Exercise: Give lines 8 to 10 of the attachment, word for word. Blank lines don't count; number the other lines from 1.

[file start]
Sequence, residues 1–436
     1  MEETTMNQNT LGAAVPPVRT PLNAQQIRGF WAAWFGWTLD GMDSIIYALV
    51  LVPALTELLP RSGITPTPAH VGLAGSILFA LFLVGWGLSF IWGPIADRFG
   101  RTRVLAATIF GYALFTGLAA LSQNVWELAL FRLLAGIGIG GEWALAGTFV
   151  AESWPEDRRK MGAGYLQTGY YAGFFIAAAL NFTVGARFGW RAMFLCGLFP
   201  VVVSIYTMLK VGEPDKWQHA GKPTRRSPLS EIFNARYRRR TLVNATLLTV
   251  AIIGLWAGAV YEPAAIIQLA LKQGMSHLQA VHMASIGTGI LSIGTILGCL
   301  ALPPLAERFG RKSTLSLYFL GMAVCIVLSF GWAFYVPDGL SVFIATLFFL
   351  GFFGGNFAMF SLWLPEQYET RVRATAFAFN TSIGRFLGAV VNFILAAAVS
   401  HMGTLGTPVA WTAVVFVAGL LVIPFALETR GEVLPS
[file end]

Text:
   301  ALPPLAERFG RKSTLSLYFL GMAVCIVLSF GWAFYVPDGL SVFIATLFFL
   351  GFFGGNFAMF SLWLPEQYET RVRATAFAFN TSIGRFLGAV VNFILAAAVS
   401  HMGTLGTPVA WTAVVFVAGL LVIPFALETR GEVLPS